Bridge housing, in particular, features on-site services and case management, and L.A. has made significant investments to increase the supply of these beds.

There remains a critical shortage, but some progress is being made. In 2018-2019, L.A. added more than 1,800 immediate housing beds.

Rapid rehousing is a program that provides rent vouchers to people in danger of falling into homelessness. They might receive enough for a security deposit and then something on the order of three-to-six months of support. The idea is to step in and stop homelessness before it happens and to provide support long enough to get folks on their own two feet.

It is much more cost-effective to prevent homelessness through programs like rapid rehousing than it is to wait until after someone loses their home.

Voter approved funding for rapid rehousing has kept thousands of Angelenos from experiencing homelessness since 2017. There are currently about 11,000 people in the rapid rehousing program.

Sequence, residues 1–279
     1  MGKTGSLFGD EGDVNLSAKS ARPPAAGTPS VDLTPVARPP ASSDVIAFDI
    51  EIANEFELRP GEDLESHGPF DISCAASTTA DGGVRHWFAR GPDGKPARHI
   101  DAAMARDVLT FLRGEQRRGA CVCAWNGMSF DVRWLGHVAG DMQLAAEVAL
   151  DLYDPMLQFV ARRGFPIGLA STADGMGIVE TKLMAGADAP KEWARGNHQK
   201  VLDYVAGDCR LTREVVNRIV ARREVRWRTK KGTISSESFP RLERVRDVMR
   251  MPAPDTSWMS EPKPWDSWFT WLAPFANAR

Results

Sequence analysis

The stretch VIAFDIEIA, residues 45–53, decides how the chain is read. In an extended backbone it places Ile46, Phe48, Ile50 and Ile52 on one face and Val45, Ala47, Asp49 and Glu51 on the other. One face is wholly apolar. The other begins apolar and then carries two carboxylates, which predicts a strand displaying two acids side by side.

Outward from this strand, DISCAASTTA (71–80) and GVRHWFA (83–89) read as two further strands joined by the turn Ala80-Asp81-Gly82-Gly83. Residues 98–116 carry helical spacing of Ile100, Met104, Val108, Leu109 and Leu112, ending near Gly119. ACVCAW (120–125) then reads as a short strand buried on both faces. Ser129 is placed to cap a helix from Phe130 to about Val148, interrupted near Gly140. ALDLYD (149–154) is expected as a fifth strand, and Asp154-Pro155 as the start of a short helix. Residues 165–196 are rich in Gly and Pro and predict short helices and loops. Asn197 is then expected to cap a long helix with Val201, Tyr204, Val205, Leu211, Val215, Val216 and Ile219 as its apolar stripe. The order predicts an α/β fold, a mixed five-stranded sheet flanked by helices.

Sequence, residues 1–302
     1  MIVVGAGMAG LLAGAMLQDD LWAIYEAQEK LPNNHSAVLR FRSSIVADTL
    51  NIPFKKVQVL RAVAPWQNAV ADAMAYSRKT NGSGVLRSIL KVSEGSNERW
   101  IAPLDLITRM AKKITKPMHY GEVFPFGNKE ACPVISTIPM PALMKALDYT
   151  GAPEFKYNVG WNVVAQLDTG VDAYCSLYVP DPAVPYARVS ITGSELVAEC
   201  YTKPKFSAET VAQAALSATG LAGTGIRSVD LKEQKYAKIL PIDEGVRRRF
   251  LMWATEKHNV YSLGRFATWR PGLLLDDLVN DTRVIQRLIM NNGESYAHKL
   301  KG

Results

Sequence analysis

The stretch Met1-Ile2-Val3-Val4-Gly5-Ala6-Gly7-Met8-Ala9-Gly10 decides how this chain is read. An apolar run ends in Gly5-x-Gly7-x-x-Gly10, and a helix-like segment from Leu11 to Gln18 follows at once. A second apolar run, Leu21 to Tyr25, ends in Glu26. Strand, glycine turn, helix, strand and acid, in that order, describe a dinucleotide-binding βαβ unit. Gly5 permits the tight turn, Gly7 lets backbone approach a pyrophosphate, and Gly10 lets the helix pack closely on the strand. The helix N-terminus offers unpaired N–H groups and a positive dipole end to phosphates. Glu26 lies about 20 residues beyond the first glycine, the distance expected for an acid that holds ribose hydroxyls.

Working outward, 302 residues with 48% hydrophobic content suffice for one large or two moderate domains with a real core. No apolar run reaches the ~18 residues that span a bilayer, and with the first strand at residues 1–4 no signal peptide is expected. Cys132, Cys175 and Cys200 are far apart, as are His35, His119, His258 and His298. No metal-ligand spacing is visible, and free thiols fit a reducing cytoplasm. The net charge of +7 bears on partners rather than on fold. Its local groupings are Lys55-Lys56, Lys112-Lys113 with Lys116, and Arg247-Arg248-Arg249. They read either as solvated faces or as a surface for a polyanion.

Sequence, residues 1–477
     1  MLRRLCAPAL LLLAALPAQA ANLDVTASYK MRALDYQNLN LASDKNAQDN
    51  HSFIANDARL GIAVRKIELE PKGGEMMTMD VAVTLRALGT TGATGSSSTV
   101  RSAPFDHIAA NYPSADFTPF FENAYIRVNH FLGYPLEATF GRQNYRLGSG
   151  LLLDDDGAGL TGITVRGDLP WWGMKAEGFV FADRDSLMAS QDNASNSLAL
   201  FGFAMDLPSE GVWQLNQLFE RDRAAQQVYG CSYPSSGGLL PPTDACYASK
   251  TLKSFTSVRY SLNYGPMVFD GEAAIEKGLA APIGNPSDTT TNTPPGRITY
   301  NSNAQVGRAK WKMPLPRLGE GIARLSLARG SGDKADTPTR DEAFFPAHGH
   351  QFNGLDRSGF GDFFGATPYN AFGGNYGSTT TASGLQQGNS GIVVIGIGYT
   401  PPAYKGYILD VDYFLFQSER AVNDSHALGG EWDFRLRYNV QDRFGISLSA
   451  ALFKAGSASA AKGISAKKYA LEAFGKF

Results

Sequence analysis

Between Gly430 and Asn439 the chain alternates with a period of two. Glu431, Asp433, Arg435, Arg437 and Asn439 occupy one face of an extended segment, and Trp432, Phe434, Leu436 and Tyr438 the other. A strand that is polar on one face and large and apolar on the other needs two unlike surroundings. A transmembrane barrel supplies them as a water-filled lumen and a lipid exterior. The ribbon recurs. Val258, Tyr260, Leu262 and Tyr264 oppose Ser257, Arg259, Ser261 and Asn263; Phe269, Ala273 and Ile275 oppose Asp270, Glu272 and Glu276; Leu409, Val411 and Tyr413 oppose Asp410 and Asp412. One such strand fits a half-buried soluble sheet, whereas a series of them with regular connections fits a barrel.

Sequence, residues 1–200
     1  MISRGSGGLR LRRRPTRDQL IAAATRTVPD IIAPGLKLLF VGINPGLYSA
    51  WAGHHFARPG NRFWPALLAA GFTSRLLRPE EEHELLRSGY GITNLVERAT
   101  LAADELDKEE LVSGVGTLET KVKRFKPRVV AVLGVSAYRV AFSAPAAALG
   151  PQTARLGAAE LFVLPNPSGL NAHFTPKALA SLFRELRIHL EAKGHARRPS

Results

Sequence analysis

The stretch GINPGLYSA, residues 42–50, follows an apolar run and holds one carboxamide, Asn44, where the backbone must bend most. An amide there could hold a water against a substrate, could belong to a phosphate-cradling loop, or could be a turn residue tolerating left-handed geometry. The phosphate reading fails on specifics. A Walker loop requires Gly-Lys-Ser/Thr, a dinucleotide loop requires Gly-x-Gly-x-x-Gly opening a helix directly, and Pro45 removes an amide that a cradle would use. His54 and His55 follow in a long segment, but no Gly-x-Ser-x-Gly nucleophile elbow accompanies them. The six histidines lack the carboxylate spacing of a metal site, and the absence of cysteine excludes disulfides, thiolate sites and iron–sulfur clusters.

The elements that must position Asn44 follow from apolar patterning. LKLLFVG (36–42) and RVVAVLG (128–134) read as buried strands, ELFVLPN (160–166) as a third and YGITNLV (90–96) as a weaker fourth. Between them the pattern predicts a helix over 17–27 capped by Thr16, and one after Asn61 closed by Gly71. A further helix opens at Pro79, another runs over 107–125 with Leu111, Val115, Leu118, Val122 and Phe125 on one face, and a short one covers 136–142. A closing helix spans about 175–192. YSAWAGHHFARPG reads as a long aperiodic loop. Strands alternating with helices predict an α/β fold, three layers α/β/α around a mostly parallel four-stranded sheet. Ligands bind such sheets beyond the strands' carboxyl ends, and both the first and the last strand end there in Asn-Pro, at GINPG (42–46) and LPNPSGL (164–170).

It’s actually much cheaper over the long run than building temporary housing or leaving people on the streets. Sometimes there are legal or construction fees that can drive up the cost. The fact that developers of supportive housing need to apply to many levels of government and to the private market to collect enough funding doesn’t help, either. But, overall, supportive housing saves taxpayers money when compared to the costs of treating people while they live outside.

There are many hurdles to jump over in order to build housing, from funding to regulation. Fortunately, the California State Legislature recently changed the rules to make it a little easier and faster to build supportive and affordable housing in L.A.

Some housing developers and service providers are also finding innovative ways (like transforming shipping containers into modular housing) to speed up construction further.

And we can do things like convert old disused motels into housing for people experiencing homelessness that may take even less time.

We are building more immediate housing, including shelters and bridge housing. From 2018 to 2019, L.A. County added more than 1,800 beds and 25% more people were able to secure immediate housing. We still need to do more.